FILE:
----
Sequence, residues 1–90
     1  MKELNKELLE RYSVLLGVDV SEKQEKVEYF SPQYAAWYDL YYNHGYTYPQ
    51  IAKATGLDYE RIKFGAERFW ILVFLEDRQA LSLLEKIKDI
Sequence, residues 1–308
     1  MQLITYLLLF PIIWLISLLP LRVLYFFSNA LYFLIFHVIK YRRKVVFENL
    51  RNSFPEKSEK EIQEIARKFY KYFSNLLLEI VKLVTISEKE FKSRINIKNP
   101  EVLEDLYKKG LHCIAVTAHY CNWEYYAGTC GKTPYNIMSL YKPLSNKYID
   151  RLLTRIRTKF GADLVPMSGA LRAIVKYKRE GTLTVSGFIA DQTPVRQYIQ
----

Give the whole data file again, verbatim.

Sequence, residues 1–90
     1  MKELNKELLE RYSVLLGVDV SEKQEKVEYF SPQYAAWYDL YYNHGYTYPQ
    51  IAKATGLDYE RIKFGAERFW ILVFLEDRQA LSLLEKIKDI
Sequence, residues 1–308
     1  MQLITYLLLF PIIWLISLLP LRVLYFFSNA LYFLIFHVIK YRRKVVFENL
    51  RNSFPEKSEK EIQEIARKFY KYFSNLLLEI VKLVTISEKE FKSRINIKNP
   101  EVLEDLYKKG LHCIAVTAHY CNWEYYAGTC GKTPYNIMSL YKPLSNKYID
   151  RLLTRIRTKF GADLVPMSGA LRAIVKYKRE GTLTVSGFIA DQTPVRQYIQ